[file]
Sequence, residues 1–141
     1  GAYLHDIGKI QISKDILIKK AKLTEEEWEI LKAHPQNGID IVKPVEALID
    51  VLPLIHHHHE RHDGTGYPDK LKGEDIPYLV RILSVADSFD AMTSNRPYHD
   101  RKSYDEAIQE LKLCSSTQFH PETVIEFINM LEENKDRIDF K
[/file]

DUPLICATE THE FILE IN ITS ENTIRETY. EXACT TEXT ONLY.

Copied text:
Sequence, residues 1–141
     1  GAYLHDIGKI QISKDILIKK AKLTEEEWEI LKAHPQNGID IVKPVEALID
    51  VLPLIHHHHE RHDGTGYPDK LKGEDIPYLV RILSVADSFD AMTSNRPYHD
   101  RKSYDEAIQE LKLCSSTQFH PETVIEFINM LEENKDRIDF K